Monday, April 7, 2008

The Show Must Go On

I'll admit it from the get go, I've always loved Julie Andrews. I found her, in Terry Gross' interview on Fresh Air today, completely captivating. You can listen at:

Ms. Andrews has a most amazing speaking voice. Admittedly, I'm a sucker for accents. But I can't imagine anyone listening to her and not hearing the beauty of the voice. There's also an incredible warmth in her interactions with the interviewer.

Truly remarkable is her attitude. You can hear her acceptance and optimism as she speaks about negotiating her difficult childhood ("no wallowing" were her words). Not a child of privilege by most standards, she still talks about her childhood as relatively happy and privileged in its own way.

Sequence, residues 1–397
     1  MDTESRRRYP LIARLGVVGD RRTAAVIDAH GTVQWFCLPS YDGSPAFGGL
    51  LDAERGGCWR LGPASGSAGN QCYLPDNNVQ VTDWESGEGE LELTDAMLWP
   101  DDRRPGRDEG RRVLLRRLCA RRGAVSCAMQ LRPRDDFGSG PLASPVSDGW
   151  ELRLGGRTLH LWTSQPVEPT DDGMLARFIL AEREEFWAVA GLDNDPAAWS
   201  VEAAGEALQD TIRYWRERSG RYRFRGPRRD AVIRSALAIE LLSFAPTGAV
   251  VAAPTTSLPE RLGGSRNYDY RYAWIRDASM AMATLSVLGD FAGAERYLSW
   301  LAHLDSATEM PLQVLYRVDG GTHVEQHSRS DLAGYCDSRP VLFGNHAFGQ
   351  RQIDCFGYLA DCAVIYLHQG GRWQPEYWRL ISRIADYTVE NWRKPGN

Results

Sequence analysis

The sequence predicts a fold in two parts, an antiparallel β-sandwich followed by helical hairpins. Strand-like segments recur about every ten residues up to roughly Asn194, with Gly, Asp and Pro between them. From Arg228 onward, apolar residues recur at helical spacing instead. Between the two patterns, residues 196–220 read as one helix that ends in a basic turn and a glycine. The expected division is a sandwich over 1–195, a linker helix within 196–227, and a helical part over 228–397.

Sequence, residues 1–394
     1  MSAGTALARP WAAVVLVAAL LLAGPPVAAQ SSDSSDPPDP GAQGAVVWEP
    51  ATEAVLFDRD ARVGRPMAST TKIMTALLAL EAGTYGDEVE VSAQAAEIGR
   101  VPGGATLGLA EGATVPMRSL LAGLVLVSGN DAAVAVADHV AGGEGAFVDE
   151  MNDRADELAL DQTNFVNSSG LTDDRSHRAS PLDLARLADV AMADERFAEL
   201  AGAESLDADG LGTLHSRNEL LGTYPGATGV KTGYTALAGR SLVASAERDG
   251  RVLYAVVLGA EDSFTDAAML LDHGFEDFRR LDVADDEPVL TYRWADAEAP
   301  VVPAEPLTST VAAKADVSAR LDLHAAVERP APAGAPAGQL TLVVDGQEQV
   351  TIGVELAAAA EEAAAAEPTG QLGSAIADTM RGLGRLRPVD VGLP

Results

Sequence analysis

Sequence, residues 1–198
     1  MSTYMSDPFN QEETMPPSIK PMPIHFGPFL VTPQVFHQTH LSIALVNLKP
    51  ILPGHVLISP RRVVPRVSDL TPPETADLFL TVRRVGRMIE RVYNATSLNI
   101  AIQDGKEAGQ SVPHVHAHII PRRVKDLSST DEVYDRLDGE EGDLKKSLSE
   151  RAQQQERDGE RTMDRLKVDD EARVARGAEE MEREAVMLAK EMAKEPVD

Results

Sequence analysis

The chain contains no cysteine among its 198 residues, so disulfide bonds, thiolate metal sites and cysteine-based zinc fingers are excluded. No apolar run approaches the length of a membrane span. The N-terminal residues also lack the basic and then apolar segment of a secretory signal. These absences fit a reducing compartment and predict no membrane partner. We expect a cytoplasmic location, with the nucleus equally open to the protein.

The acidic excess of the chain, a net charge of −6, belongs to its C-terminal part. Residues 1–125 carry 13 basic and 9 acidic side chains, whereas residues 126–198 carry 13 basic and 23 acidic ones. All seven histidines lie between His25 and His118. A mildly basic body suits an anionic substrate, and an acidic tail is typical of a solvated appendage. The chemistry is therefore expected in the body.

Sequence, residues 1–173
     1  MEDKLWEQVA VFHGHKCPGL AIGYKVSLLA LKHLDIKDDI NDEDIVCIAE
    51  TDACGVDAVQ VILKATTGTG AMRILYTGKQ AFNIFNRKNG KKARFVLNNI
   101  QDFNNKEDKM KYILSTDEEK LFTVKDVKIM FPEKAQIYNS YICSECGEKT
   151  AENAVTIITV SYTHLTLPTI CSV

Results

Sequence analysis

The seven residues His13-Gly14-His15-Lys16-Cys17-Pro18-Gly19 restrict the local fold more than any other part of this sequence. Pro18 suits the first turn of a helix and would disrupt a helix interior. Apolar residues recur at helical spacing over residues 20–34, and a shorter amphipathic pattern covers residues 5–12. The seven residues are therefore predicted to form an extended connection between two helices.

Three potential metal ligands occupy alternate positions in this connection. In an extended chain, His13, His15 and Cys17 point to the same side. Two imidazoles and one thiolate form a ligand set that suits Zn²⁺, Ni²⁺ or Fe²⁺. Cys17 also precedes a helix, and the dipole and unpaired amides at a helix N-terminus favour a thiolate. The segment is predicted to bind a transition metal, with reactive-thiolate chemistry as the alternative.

Then there was her surgery in 2005. After a period of denial, Ms. Andrews accepted the hard truth; she could no longer sing. She recognizes she could have gotten up to "crawl away," but instead has kept busy acting, writing and speaking. She actually said she is "extremely grateful" for her life post-surgery.

If we could all aspire to that attitude, wouldn't it be loverly?

Her attitude reminds me of Acceptance and Commitment Therapy (ACT). Here the idea is to learn to accept our pain, not try to get rid of it. And we can live life in a meaningful way instead of living a a life in which our primary object is to identify with our pain. Check out Steven C. Hayes' Get Out of your Mind and Into Your life for more on ACT.

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